The brakes are handled by a pair of SRAM Guide RCS’ which thoughtfully come stock with a 200mm rotor in front and 180mm in the rear. These brakes have become ubiquitous among built bikes but many other brands have started to offer SRAM Codes on their Enduro bikes; we wish Cannondale was one of them. For a bike that is at home on the slopes, strong stoppers can mean the difference between enjoying a ride or suffering through an arm-pump-plagued descent.
The rest of the componentry in the build is mostly Cannondale in-house products. A nice touch among them is the carbon handlebar and a Fabric Scoop saddle with titanium rails. Premium is expected with a build of this price and here it delivers.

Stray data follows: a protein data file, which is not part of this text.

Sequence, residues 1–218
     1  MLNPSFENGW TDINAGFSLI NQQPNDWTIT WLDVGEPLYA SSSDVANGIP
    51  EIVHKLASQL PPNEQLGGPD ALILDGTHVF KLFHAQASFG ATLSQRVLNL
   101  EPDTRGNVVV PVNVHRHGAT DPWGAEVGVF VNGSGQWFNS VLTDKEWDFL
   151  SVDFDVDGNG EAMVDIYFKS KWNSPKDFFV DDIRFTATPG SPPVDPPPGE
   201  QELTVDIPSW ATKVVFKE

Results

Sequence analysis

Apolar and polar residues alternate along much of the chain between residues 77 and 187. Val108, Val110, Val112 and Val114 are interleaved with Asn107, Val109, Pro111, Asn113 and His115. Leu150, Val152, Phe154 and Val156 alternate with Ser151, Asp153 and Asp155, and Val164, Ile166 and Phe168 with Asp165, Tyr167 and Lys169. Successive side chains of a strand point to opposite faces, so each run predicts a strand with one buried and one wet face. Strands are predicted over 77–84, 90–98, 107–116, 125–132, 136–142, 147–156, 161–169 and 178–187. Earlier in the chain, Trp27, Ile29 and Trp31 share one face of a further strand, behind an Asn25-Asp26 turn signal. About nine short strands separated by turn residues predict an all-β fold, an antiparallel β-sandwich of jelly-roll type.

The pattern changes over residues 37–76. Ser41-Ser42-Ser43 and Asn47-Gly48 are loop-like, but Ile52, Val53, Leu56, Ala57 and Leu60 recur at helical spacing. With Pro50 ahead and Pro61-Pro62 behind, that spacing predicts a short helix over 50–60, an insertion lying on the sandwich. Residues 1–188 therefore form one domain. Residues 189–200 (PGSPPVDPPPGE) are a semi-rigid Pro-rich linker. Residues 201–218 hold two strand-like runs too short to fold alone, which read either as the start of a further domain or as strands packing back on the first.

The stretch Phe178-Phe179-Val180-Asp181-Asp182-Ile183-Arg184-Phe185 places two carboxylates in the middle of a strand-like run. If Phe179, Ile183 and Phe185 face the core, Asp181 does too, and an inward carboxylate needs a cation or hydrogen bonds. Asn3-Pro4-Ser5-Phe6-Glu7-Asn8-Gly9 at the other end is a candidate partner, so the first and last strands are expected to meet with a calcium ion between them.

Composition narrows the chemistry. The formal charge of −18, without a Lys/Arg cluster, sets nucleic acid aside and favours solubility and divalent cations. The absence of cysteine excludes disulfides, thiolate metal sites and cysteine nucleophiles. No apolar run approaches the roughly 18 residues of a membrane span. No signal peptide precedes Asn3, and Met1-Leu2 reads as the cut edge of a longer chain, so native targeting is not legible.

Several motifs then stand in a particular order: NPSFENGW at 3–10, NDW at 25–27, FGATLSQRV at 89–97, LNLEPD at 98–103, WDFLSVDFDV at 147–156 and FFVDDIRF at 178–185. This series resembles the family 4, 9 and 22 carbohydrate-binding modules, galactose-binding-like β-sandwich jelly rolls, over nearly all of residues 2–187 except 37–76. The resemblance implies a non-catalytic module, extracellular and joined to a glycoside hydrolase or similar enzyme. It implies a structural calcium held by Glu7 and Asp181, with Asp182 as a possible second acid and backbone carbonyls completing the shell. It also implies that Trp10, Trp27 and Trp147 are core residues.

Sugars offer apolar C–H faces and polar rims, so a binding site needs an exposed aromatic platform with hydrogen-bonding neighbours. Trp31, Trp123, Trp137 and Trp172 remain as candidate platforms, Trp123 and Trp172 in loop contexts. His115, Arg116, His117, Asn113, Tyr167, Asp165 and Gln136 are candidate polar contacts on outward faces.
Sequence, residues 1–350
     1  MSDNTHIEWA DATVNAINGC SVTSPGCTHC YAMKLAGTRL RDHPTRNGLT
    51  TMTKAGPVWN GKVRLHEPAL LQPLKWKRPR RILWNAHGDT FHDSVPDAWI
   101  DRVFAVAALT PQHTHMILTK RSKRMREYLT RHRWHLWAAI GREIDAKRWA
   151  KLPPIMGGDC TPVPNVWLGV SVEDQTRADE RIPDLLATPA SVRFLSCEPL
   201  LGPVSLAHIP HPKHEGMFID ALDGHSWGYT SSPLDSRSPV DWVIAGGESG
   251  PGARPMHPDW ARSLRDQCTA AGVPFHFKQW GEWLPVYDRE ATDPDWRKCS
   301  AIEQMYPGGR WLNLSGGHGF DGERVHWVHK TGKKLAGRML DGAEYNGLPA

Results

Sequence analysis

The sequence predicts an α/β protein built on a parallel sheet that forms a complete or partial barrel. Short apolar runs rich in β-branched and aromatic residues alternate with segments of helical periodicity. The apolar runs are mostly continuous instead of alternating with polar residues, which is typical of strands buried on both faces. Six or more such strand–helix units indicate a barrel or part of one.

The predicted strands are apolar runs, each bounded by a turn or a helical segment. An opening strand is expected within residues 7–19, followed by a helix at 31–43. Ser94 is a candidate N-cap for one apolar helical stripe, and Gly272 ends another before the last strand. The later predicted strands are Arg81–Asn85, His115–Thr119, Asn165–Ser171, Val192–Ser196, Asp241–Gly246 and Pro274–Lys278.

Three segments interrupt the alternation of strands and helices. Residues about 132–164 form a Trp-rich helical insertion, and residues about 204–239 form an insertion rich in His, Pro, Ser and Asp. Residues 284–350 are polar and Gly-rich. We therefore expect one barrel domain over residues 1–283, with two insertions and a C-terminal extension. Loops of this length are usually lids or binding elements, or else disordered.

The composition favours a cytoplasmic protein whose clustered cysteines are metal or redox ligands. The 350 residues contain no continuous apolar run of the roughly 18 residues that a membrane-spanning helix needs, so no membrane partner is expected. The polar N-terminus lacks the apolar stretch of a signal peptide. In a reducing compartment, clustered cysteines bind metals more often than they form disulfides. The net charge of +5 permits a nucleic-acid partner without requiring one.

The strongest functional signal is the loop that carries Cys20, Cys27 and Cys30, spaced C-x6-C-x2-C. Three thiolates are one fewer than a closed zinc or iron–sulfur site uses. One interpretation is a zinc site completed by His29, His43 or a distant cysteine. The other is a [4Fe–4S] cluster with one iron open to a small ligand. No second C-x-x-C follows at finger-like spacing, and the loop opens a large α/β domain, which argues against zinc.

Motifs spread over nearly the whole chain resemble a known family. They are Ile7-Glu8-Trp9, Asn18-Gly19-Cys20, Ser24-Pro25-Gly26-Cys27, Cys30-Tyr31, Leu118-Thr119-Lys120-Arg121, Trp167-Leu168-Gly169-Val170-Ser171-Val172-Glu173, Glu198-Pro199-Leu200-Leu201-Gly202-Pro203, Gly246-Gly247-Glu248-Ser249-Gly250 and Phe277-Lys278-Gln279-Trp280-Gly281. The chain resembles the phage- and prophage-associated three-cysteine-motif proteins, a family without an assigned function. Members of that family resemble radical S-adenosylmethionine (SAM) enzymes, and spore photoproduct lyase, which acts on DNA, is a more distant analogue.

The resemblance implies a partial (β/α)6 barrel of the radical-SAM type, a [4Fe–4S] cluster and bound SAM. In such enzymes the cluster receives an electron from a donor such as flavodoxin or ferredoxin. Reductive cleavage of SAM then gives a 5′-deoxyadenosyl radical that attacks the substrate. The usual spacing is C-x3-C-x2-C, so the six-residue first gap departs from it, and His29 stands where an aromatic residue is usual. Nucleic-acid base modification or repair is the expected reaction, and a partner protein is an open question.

The RaceFace Turbine dropper is one of only two minor disappointments with the build. The dropper post works fine, but this is a premium bike which has the factory treatment on its Fox suspension and it really does deserve a Kashima-coated Fox Transfer post. The only other gripe we have with the build is that Cannondale stuck with the Float X Evol shock – likely to make Hustle and Flow travel adjust features possible. It’s not a bad shock by but this is an Enduro bike built for descending and there is no question that a Fox Float X2 blows that Float X out of the water when it comes to performance and adjustability.